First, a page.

Doctors in Bristol have established that 52 women, aged 17 to 30, had asked for an abortion on the grounds that they became pregnant when they stopped taking the pill because of the scare about thrombosis side-effects last autumn.
"Nationally we believe the figure will be around 3,000 women," said Dr Christine Horrocks, head of family planning and reproductive health services at the Frenchay NHS Trust. And an Oxford GP, Dr Sally Hope, who carried out a survey of her patients found that 12 per cent of women had stopped taking the pill on the day that the Committee on the Safety of Medicines (CSM) put out its warning.
The Government and the CSM were strongly attacked by doctors over the warning and the way it was put out, with some doctors hearing about it from the media and unable to counsel or advise their patients.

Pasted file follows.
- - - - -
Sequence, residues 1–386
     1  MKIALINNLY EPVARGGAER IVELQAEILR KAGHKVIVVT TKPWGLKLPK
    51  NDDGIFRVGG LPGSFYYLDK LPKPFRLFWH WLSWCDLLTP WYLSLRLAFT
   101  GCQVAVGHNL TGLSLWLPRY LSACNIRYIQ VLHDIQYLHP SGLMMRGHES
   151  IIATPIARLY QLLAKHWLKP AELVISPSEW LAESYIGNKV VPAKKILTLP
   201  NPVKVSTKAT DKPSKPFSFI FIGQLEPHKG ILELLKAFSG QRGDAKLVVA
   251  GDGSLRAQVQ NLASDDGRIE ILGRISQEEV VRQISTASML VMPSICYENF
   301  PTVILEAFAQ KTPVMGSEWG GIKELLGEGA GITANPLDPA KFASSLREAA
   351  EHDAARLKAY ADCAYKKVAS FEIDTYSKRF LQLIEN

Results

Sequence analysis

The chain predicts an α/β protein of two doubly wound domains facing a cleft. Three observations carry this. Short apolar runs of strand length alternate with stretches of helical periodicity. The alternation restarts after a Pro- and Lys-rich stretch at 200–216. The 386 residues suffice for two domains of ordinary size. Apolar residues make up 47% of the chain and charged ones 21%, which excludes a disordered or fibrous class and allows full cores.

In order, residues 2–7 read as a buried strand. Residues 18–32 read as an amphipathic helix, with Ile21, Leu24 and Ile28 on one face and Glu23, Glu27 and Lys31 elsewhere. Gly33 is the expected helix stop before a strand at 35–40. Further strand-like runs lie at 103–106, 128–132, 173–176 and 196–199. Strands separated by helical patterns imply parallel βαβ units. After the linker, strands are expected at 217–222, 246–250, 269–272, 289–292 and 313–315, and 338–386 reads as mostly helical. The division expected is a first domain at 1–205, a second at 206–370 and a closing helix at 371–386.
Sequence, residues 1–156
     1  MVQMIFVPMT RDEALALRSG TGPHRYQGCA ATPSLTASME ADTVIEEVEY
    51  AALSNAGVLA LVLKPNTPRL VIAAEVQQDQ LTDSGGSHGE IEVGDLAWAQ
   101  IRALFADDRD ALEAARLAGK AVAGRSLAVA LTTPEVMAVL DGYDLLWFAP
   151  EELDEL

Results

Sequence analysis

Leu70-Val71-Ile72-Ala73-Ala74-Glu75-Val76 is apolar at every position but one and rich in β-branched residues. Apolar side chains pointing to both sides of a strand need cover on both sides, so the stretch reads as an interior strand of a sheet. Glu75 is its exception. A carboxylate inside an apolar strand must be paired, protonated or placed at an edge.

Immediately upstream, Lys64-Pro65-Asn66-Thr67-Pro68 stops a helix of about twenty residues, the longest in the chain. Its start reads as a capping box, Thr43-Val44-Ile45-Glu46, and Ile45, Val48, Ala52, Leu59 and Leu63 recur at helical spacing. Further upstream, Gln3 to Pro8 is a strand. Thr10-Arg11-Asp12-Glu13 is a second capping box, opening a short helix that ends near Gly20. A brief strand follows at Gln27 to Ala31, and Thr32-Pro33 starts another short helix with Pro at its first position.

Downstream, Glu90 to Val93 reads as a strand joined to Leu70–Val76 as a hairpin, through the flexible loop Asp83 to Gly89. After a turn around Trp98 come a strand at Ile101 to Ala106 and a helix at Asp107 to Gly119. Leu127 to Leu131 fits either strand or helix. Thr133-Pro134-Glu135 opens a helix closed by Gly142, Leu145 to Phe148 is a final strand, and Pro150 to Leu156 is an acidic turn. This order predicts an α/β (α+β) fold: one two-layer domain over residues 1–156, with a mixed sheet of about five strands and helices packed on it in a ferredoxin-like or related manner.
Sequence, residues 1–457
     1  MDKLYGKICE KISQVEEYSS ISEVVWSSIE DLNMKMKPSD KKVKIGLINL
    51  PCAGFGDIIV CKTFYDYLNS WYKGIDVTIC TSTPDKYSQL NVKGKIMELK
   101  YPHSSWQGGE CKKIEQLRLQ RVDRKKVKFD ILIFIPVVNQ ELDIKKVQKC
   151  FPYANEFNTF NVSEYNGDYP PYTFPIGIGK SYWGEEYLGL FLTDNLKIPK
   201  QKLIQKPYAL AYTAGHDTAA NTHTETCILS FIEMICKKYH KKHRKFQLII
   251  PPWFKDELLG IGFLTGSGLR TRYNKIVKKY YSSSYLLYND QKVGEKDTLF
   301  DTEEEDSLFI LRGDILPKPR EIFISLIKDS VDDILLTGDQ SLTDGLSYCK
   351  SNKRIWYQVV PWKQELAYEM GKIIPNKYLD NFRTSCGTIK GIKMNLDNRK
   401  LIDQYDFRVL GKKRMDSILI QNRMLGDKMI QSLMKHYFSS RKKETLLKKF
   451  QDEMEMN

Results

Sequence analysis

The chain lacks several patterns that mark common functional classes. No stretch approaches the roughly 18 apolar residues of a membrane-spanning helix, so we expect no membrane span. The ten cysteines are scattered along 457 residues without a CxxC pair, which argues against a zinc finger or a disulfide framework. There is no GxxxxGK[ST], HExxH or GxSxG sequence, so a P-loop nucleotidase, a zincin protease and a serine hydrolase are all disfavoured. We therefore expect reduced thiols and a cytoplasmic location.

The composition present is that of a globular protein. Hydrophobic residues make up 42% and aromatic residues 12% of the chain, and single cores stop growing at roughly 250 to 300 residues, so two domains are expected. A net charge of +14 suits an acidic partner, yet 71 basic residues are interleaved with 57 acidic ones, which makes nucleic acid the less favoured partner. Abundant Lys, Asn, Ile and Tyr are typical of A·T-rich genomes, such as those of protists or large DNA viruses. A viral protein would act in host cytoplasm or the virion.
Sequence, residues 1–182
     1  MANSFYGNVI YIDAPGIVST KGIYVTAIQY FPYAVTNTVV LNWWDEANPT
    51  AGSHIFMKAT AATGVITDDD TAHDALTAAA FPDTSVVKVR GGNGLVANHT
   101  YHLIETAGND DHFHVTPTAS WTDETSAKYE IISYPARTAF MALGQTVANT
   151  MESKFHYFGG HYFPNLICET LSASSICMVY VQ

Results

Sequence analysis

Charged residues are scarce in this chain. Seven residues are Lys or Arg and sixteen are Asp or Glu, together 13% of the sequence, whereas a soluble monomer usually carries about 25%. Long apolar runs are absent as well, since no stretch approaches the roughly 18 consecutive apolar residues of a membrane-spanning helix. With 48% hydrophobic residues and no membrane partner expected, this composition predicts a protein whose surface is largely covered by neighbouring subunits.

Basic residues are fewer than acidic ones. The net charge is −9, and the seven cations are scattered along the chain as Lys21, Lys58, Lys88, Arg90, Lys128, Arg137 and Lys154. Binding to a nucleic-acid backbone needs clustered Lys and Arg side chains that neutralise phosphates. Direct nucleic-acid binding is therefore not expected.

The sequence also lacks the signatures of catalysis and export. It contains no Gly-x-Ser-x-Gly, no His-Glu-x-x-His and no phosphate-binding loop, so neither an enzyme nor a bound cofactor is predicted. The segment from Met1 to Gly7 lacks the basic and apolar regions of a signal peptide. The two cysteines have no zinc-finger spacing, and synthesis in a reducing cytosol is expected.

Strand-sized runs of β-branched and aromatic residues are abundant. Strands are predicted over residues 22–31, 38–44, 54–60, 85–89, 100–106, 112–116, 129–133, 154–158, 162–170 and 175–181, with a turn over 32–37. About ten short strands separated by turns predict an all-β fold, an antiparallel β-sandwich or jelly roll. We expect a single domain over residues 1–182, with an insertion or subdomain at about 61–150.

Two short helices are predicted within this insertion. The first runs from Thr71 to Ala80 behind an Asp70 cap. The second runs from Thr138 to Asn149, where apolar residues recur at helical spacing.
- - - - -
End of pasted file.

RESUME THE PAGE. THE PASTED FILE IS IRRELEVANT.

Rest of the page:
The warning followed reports that there was a slightly increased risk of thrombosis with the new, third-generation contraceptive pill. Some doctors say the risks were so minimal there was no need to issue the warning, which led to widespread panic and fear.
Official figures on the effects of the announcement on women's health, both in terms of abortions and extra pregnancies, will not be known for some months. Nineteen years ago a pill scare in the Netherlands resulted in 13,000 unplanned pregnancies, half of which were aborted.
Dr Horrocks said: "We have now had 52 women who had a termination after becoming pregnant when they stopped taking the pill and changed to less reliable techniques. Official figures won't be out for a year, but the message we want to get across is that the risks are minute."Reuse content